HRZone spoke to Arianna Huffington before her keynote at Unleash 2017 (formerly known as HR Tech World) in Amsterdam in October 2017.
Arianna Huffington is not against transformative technologies but thinks people should set boundaries to retain their humanity. After all, we’ve done it before. Why can’t we do it again?
“When electricity was invented, people would sleep with the lights on. Now we don’t do that, but we aren’t anti-tech, we are just responding. We realise we need to turn electricity off occasionally. We must use new technologies but make it very clear we need to put the human being at the centre.”
Right now we’re sleeping with the lights on again, but the stakes are far higher. Modern technology is so sophisticated and pervasive that boundary-setting is fundamental to our fulfilment as human beings.
Unfortunately, most of us aren’t doing it.
“Right now our addiction to our devices is about everything, it’s about work and social media, it’s about games. It’s a portal to every aspect of our lives. We are at an inflection point.”
Huffington’s mission is to help us set boundaries to tackle technology-induced stress and the cultural addiction to always-on work that leads to burnout. A partial solution, she believes, can be found in the problem – we must build technologies that help us better switch off from the technology onslaught we face everyday.
Huffington’s company, Thrive Global, has picked up the baton. They will soon release an app that places smartphones into ‘thrive mode,’ temporarily blocking functionality.
If someone sends you a text when your phone is in thrive mode, they will receive an automatic text back informing them when you will next be available.
The point of the app is to “protect sacred time.” Dinner with children. Recuperation. Reading.
Huffington’s mission is to stop technology-induced stress and the cultural addiction to always-on work that leads to burnout.
Huffington’s mission is personal: a work-induced collapse earlier in her career left her with a broken cheekbone and a set of renewed priorities.
Her story is inspiring but not unique. Many of us re-evaluate priorities in the face of injury or accident. But these are personal journeys. How do we convince others to put the brakes on when they feel no reason to?
The task is made more difficult as we realise the full scale of the technology problem. We now recognise technology addiction: this discourages self-reflection because no-one wants to think they don’t control their lives and behaviour.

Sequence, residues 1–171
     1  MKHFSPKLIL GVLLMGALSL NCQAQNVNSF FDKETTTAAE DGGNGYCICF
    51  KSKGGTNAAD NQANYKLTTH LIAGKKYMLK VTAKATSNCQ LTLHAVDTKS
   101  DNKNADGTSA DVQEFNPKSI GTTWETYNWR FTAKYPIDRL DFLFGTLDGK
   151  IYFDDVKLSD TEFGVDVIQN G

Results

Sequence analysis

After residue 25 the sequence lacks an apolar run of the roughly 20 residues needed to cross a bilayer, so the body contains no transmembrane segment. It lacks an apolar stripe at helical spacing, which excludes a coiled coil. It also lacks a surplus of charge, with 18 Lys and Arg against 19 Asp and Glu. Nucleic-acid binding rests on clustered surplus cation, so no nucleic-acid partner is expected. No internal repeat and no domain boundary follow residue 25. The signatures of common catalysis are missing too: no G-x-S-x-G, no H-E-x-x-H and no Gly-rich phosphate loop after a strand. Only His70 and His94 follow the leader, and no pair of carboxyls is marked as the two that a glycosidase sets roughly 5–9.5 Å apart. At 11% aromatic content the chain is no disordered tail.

Changing cultural pressures is therefore easier than changing the individual – at least in the beginning. That’s why Huffington has her eye on HR and workplace culture.
“Culture has bought into a delusion: that we are more powerful and more successful when we are always on. It is a cultural assumption, disproved by data.
“As we change culture, whether that’s workplace culture or societal culture, we change how much easier it is for people to change their own behaviour. If friends expect you to text back straight away, what does that say?
“Culture change can shift what we brag about – we go from bragging about being on to bragging about being off.”
Effective cultural change in the workplace is difficult, but Huffington is clear on the way to get buy-in from the top.
“We approach it from performance. If you approach it from wellbeing, it becomes a soft HR benefit. We want it to be a hardcore business outcome because that’s what will achieve adoption.
“You can then measure results using factors like productivity, healthcare costs, retention and engagement.”
Companies increasingly recognise the costs of burnout, says Huffington, which pushes them to action.
“It goes beyond employee health: it affects business metrics. When people are burned out they are 30% more likely to leave the company. It also reduces productivity. People are less engaged. It increases healthcare costs. You become known as a company where people burnout, so it reduces recruitment success.”
Culture has bought into a delusion: that we are more powerful and more successful when we are always on.
Culture, says Huffington, is the organisation’s immune system. When it’s strong, it’s “less likely to get sick.” When it is defined by burnout, it gets ill more often. It ‘catches’ viruses (such as counterproductive behaviours) because employees aren’t cognitively strong enough to resist them or because there aren’t sufficient ways to redress grievances.
If we can reset cultures to prioritise employee wellbeing, to focus on being productive rather than busy, to recognise the dangers of technology overload, we can help people reconnect with the meaning of being human and move us towards a healthier attitude to work.
That’s the goal. Huffington is a straight-talker and doesn’t mince her words. Technology is getting more overt and more intrusive and we need to make sure we use it to its fullest advantage while separating the parts of ourselves that we must cherish and respect.
We cannot continue as we have been. The stakes – and the cost to humanity – are too high.
“For the human operating system, downtime is a feature, not a bug,” says Huffington. “Helping humans connect with their own centre of peace and wisdom is critical if they are going to be productive, resilient and healthy.”